Working on Christmas can be special


Staff writer

St. Francis Hospital chaplain Fred Hutchinson works every Christmas and every Christmas Eve.

“If I didn’t, I wouldn’t get the joy of Christmas.” Hutchinson said. “I know I get more out of it than I give. Because it’s in the giving, it’s not in the receiving.”

Hutchinson was an ordained pastor of the United Church of Christ for over 20 years before becoming chaplain at St. Francis two years ago.

As chaplain, he meets the spiritual needs of patients, calming them in the emergency department or praying with them before a surgery at the Federal Way hospital. He’s discussed ethical concerns with hospital staff and once helped reunite an overseas serviceman with his mother before she died.

During the holiday season, Hutchinson said he sees an increase of patients who have been battered at home, saying lack of money contributes to increased home tensions.

“And then there’s just plain people who don’t have anything. They walk in, they need a meal, we feed them,” Hutchinson said. “Not every case has a joyful end. But there are just so many times people came in with eyes that were dead. (Later) their eyes just sparkle. We return to people the gift of themselves.”

“There’s always a tug at our hearts,” Hutchinson said of himself and his co-workers. “There’s always a piece of us that wishes life was better for people. Being there is part of it. And the journey with these people is part of the gift.”

And while Hutchinson will tend to the spiritually needy on Christmas, EMT (emergency medical technician) Courtney Malgarin, who works for American Medical Response, will respond to medical emergencies this Christmas.

“It’s a lot slower than other days,” Malgarin said. “For the most part you get actual 9-1-1 calls. You don’t get the ‘I-stubbed-my-toes.’”

She’s noticed an increase of suicide calls during the holidays. Other calls include heart attacks and domestic violence calls.

Malgarin has wanted to be an EMT since she was a child. She says her job is “rewarding. You get to help the community in a way that a lot of people don’t get to. We see it from a whole different world. Sometimes that’s good and bad.”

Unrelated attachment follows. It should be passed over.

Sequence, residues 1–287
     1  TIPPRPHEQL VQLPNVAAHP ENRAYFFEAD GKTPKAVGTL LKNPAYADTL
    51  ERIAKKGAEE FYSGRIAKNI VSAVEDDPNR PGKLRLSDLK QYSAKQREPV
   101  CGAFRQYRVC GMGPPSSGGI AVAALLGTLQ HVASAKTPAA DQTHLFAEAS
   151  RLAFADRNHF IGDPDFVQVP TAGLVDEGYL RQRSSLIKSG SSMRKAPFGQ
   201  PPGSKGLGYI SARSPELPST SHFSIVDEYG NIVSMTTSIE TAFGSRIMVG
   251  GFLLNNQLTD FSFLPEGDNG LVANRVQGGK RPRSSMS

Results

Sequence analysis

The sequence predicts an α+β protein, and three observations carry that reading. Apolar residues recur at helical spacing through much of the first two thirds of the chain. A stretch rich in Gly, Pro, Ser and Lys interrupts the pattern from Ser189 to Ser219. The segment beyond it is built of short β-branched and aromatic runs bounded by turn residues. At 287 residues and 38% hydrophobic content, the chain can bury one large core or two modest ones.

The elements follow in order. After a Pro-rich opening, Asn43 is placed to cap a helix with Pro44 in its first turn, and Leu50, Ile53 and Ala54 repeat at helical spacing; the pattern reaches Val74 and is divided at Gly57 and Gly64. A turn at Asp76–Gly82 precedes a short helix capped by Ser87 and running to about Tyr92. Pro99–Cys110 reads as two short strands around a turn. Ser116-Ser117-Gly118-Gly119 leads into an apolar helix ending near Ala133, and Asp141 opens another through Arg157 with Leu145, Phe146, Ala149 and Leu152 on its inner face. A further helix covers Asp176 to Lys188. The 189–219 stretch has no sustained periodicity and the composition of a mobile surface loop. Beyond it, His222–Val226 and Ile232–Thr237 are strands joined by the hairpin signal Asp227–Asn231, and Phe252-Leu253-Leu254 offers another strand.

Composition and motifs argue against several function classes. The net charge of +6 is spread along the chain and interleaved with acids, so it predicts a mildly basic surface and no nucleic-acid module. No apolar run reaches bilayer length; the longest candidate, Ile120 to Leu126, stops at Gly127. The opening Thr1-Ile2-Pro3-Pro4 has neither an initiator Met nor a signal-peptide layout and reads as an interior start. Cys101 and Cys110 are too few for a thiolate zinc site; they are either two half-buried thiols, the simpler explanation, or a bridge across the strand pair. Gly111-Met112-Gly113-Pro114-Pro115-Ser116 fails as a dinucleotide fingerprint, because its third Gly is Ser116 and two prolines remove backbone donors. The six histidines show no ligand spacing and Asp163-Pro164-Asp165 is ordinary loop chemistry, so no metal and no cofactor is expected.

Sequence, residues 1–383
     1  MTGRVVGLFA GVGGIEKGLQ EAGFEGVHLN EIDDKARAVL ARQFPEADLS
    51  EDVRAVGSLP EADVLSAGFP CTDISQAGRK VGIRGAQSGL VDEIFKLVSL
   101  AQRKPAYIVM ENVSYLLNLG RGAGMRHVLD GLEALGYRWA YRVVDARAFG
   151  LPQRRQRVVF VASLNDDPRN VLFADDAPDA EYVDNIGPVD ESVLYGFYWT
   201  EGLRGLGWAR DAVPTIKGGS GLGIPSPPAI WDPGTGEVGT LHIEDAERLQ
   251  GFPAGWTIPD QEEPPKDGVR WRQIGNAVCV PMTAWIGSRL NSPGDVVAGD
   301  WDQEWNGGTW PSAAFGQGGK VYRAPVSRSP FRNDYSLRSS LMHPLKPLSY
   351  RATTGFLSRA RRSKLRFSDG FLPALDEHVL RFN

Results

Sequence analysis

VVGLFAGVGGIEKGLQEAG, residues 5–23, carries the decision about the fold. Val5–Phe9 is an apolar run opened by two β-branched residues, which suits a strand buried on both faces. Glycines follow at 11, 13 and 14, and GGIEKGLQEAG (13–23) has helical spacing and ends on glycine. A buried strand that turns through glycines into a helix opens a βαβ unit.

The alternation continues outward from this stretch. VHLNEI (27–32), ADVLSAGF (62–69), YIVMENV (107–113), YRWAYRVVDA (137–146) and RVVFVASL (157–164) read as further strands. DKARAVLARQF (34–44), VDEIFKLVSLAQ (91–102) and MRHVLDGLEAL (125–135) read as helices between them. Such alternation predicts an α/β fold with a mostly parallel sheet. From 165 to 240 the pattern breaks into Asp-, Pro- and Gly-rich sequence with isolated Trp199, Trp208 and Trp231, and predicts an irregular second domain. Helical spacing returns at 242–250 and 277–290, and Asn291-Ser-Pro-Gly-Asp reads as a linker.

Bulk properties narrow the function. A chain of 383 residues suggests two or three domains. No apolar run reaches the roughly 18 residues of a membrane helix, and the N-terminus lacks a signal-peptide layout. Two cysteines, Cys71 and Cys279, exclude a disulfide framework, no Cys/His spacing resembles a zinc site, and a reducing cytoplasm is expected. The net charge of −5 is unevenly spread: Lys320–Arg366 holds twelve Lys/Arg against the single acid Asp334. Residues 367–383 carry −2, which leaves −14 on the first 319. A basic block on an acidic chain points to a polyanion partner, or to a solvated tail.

The firefighters at Federal Way Fire Department Station 63 will also be on duty Christmas Day. They say it’s just a part of their job.

The calls they receive around the holidays include overloaded circuits caused by too many holiday decorations, and people who have heart attacks. All of the firefighters are also trained EMTS. They help stabilize a person before paramedics arrive on the scene.

And the calls never stop coming.

“We get our share every year,” said Lt. Dave Michaels, a 12-year veteran of the Fire Department.

“People call us for anything you can imagine and most things you can’t,” said firefighter Ed Richert. This includes asking what time it is or when the library opens.

But when a genuine emergency occurs, there are some calls they’ll never forget.

“We did have a lady whose life was saved on Christmas” several years ago department spokeswoman Debbie Goetz said. Firefighters performed CPR and saved the woman’s life.

Michaels says he’ll never forget the day he helped a woman give birth, while Richert said he’ll always remember the faces of people who nearly died and later thanked him for saving their lives.

While firefighters work through the holidays, the people they serve express their thanks. They drop off holiday cookies, bread and candy at the station house. Sometimes they deliver whole meals.

The firefighters at Station 63 will work from 7:30 am Christmas Day until 7:30 a.m. the 26th.

Federal Way Police officers Tom Kettells and Adam Howell will also be working on Christmas.

Working on Christmas “just goes with the territory,” Howell said. He just finished his first year with the Federal Way department. Before that, he was a police officer in Arkansas.

Kettells, a 21-year veteran of law enforcement, transferred to Federal Way from Mercer Island two years ago. The patrol officer said domestic violence increases drastically between Thanksgiving and New Year Day.

But while domestic disputes arguably increase stress on the job, the public’s perception of police officers softens a bit during the holidays. People are a little warmer, a little less hostile, Kettells said.

“We’ve had people bring cookies to the station, candies,” he said.

Staff writer Elizabeth Ciepiela: 925-5565,

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